The expected result is: to make it easier for cloud users to see what certifications are relevant
for them, and for cloud providers to be able to obtain relevant certifications that allow comparison
on a fair and equal footing; and to benefit from the greater neutrality that an EU trustmark might
provide .
Stakeholders involved: The measure would require the involvement of the cloud industry, but
also of public sector organisations such as potentially the Commission, ENISA, and/or the Article
29 Working Party.

Enhance trust in cloud computing services

The measure consist of: recognising technical specifications for the protection of personal
information in accordance with the new Regulation on European Standardisation. This would
improve transparency and predictability ,since cloud providers and cloud users can both more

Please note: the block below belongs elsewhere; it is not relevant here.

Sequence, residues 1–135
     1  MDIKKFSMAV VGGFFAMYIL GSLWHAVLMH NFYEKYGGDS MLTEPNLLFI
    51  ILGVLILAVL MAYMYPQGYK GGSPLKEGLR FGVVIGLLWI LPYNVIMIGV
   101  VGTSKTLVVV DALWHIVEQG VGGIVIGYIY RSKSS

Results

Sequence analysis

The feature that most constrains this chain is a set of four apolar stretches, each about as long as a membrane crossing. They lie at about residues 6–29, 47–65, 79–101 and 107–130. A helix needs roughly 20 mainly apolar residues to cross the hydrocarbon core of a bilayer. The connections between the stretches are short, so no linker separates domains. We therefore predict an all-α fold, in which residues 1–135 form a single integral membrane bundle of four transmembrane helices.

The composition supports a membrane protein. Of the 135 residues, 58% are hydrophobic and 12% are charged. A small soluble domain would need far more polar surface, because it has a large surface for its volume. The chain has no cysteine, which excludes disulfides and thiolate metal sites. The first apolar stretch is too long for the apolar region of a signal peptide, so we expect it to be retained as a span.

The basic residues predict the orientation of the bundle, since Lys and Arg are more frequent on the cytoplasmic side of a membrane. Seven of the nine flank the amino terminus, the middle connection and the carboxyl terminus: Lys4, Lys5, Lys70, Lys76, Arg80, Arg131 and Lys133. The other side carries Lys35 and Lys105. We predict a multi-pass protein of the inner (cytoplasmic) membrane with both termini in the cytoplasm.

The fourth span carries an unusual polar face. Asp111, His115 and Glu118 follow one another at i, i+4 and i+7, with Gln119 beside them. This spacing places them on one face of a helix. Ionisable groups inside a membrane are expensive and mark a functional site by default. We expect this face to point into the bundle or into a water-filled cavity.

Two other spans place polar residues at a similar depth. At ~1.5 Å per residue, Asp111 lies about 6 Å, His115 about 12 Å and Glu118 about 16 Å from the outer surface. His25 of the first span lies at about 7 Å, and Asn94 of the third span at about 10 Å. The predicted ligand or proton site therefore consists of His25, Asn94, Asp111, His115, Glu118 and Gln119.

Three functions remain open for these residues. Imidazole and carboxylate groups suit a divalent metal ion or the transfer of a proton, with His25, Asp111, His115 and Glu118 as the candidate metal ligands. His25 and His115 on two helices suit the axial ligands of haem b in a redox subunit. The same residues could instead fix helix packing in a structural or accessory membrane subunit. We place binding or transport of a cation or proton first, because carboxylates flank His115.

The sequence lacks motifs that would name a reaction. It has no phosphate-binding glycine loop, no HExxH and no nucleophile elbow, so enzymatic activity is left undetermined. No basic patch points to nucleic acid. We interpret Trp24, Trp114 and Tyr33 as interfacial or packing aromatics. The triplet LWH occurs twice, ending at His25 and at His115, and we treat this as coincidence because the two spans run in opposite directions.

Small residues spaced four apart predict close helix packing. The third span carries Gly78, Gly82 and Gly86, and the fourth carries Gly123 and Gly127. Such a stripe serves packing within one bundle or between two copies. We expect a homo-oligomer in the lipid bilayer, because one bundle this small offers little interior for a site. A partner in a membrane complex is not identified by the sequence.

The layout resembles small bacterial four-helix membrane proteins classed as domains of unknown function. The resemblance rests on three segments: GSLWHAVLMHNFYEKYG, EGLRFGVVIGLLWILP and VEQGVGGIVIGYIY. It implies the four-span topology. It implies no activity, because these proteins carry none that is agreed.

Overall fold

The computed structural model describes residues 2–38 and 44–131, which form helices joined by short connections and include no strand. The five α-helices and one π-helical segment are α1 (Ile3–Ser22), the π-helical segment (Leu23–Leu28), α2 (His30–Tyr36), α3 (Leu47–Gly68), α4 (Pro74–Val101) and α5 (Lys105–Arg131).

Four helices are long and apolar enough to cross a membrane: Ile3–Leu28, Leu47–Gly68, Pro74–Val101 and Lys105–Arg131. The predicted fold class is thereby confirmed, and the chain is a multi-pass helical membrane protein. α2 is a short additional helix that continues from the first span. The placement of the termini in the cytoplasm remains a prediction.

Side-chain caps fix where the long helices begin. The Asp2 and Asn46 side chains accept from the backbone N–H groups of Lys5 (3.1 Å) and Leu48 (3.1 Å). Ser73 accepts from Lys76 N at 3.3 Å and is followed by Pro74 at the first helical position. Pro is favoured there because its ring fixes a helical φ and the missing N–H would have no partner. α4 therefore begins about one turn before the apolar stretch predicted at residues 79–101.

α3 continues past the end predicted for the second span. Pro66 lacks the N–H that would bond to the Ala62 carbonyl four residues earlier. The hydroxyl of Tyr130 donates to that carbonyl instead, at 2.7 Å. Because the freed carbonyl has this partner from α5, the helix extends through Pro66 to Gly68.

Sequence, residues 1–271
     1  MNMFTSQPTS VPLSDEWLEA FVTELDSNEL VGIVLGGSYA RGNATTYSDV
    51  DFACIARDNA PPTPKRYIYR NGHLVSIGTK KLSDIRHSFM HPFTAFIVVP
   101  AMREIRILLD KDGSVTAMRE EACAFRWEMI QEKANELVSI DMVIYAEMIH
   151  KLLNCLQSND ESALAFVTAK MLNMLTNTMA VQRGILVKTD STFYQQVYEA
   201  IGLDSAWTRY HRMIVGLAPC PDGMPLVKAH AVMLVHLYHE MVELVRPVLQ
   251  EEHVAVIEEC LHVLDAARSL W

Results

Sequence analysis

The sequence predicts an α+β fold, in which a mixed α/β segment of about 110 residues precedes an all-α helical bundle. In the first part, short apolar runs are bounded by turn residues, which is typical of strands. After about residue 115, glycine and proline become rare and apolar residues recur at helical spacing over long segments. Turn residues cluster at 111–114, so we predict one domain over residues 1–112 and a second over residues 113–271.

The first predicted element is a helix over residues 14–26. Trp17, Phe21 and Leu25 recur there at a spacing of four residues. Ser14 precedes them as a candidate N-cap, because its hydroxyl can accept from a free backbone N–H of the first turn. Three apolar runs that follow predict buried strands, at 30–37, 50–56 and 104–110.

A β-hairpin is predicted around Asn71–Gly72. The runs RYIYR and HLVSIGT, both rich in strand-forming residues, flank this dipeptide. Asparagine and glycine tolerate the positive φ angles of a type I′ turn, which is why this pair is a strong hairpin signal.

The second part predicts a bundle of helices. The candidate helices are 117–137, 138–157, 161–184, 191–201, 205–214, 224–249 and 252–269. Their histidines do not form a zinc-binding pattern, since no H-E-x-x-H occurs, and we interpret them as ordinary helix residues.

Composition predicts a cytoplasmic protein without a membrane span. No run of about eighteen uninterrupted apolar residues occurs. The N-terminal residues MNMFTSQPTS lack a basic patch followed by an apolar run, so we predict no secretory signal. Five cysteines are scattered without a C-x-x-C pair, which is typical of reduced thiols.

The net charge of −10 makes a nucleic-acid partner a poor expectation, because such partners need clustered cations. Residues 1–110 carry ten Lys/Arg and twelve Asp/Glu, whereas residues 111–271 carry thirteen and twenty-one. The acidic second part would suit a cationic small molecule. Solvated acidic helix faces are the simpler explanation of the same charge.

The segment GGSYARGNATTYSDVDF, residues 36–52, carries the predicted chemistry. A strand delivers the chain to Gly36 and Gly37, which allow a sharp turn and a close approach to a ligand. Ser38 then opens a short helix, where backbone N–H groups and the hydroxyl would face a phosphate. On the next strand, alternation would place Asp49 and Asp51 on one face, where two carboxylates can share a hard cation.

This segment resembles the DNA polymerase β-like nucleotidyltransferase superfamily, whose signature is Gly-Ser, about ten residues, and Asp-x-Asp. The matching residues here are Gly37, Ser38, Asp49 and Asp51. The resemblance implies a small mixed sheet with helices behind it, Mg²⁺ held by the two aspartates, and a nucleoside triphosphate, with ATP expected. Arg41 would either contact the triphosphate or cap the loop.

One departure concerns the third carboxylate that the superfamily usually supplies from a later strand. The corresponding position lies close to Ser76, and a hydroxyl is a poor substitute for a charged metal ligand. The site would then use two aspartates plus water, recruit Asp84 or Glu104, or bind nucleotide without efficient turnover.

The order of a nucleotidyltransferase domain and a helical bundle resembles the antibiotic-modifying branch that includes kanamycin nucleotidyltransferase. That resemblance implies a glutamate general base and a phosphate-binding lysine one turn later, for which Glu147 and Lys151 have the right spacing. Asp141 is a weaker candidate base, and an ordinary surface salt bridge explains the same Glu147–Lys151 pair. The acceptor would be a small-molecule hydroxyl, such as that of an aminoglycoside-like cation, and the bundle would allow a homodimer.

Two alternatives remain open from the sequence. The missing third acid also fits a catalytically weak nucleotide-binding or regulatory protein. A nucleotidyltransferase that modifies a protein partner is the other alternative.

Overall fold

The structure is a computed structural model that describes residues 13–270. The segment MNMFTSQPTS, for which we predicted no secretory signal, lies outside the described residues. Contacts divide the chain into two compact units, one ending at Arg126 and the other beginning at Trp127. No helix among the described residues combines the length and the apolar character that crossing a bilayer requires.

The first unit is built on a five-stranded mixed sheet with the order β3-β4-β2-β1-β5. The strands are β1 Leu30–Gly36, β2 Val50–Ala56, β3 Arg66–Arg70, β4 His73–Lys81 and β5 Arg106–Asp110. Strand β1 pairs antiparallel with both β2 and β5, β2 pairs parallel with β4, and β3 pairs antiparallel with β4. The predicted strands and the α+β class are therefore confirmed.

easily determine which specifications (e.g. in relation to security, privacy, service levels, data

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formats/portability etc.) have obtained some form of external recognition, making it more likely
that they are appropriate for their own activities.
The expected result is: is to help make it easier for cloud users to select an appropriate cloud
provider on the basis of recognised specifications, and for providers to know that they are using
standards which specifications are generally that are recognised as being safe, reliable and of
good quality. The measure would thus eliminate some of the uncertainty around this issue that
currently still exists.
Stakeholders involved: The initiative would need to be driven by European standardisation